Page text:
The groundbreaking artist behind Selma, 13th and When They See Us says the words from those in power during this past summer’s racial justice reckoning came off as “disingenuous.” As she reveals on The Carlos Watson Show, DuVernay has had to fight to rise up the Hollywood ladder as a Black woman — and she’s not seeing enough being done to tackle the systemic barriers she faced. “That is particularly true for the studios, particularly true for networks, particularly true for all of these brands. What did you do about that thing? If you thought that just a social media post was enough, you were wrong.” Do you agree with DuVernay?
Chuck Hillestad, 75, photographer and retired attorney, McMinnville, Oregon
Or perhaps we decide that truth and reconciliation aren’t really possible. “How about let’s stop pretending we are [the] United States?” writes Hillestad. The country could be partitioned, this OZY reader suggests, just as the Hindu-majority India and Muslim-majority Pakistan separated after the retreat of the British — with notably bloody results. It may be even trickier in America, where the divides are less between states than between urban and rural locales spread randomly across the country. Still, the great American experiment could be just that — an experiment. Rather than raise kids in a dysfunctional household, perhaps it’s better that the parents break up for the sake of everyone involved. “We could treat it like a no-fault divorce,” Hillestad writes. “Divide up the marital assets and go our separate ways.”
Sal Khan, 44, founder of Khan Academy
Maybe it’s time for Congress to phone it in. “I would argue Congress already should just move to videoconference,” says Khan, founder of free online education company Khan Academy, on The Carlos Watson Show. Despite its simplicity, the idea has potentially fascinating side effects. It could make legislative leaders less susceptible to the lobbyists that patrol the corridors of the U.S. Capitol, keeping representatives from becoming isolated from their constituents. Plus, it could restore the idea of politics as something somebody does, not a career choice, giving lawmakers time to pursue side gigs that may broaden their perspectives. Rather than dining out in D.C. on the taxpayer dime, members of Congress would be more like, “‘Yeah, no, I’m a schoolteacher, but I can show up and vote over Zoom once a week amid some issues,” as Khan imagines it. “I think we could get better representation then.”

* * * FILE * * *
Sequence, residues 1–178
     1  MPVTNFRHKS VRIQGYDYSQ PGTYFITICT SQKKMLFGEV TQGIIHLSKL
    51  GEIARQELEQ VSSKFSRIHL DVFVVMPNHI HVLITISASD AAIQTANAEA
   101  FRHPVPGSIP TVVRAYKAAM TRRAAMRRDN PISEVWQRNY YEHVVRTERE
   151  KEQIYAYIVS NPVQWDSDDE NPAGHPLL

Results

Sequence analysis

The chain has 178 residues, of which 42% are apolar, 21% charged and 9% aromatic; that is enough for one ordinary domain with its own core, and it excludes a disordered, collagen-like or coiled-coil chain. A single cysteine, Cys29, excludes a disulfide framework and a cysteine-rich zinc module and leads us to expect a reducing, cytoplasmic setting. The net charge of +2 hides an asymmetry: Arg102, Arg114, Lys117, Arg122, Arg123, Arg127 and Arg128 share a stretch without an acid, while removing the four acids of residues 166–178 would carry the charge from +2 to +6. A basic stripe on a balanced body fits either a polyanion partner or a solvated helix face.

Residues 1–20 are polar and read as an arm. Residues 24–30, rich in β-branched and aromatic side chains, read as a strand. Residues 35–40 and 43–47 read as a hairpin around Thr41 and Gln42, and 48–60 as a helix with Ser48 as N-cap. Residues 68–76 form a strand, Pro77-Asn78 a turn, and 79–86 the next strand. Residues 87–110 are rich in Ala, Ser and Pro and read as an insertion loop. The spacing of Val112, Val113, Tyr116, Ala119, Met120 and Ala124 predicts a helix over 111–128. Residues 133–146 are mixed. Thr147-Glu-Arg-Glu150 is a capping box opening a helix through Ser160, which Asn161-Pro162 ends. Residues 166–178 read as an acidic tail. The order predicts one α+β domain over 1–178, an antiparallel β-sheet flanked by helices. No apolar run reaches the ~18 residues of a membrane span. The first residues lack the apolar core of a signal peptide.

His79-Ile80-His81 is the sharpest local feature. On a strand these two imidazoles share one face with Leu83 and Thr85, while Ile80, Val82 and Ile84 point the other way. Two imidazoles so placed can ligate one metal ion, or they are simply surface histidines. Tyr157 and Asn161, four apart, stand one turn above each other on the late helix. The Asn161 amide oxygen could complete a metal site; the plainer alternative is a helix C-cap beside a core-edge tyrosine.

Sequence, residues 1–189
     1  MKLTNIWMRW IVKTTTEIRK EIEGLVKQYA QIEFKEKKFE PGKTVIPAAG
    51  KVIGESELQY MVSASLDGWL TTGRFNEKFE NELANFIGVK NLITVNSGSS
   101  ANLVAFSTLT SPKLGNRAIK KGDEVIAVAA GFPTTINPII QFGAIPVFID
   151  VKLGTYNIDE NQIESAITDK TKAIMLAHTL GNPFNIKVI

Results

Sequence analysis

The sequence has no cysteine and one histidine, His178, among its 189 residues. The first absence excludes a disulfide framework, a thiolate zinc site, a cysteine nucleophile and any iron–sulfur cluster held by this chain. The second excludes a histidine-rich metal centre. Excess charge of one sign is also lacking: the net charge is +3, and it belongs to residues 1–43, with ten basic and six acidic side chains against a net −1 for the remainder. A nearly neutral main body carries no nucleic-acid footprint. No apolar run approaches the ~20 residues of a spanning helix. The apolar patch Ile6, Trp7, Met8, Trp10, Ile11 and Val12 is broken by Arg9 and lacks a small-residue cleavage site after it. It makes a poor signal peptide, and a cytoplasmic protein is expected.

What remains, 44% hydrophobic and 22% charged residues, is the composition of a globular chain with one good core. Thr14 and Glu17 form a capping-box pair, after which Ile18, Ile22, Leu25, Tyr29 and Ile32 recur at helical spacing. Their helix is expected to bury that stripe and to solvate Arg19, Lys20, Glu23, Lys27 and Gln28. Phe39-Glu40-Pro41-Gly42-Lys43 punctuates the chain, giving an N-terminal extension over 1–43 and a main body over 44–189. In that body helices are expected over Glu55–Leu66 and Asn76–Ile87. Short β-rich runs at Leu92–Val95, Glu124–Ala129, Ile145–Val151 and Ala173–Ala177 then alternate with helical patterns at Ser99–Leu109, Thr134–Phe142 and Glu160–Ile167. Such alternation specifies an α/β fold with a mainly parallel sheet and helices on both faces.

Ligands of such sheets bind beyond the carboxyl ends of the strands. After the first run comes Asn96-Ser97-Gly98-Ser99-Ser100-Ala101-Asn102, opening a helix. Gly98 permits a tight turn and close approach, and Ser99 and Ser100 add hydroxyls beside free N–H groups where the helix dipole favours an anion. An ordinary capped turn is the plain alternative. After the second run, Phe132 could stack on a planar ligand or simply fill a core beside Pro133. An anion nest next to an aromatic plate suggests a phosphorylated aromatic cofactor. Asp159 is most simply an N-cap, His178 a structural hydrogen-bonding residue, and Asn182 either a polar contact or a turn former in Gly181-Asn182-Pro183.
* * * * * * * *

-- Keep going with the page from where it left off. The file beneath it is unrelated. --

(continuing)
Cymone Davis, 30, town manager, Tullahassee, Oklahoma
Davis has a big idea to revive one of the oldest all-Black towns in Indian Territory, the land once set aside for Native Americans: a boarding school. Davis, a former teacher, sees the potential in a beacon of Black excellence for students from all over who have been failed by traditional public schools, as she works to make Kingdom Come International a reality. The idea actually draws substantially on history: Before the Brown v. Board of Education decision and its resulting desegregation, there were more than 100 Black boarding schools in the United States. “I originally thought this was revolutionary, but then after doing research, I realized this is how we used to do things,” Davis says.
Tori Barnes, 55, retired CPA and bookseller, San Diego
If the political establishment needs shaking up, why not start with term limits? “Officeholding was never intended to be a career position. It’s called public SERVICE for a reason: You take a number of years out of your career to SERVE your country,” this OZY reader writes. “You don’t do it to become rich and/or famous and/or influential, but to be a temporary voice or leader in Washington.” There has long been a pro-term-limit vein among ordinary Americans, from both the left and the right, that could be tapped to establish an expiration date on U.S. leadership — the tricky part has always been that it will take those same leaders to agree to set limits on their power to get it passed. Still, turn politics from a career into a noble hobby, and maybe America can restore a sense of civic engagement that works for all.
Which of these ideas do you like most, and what big ideas do you have for helping Reset America?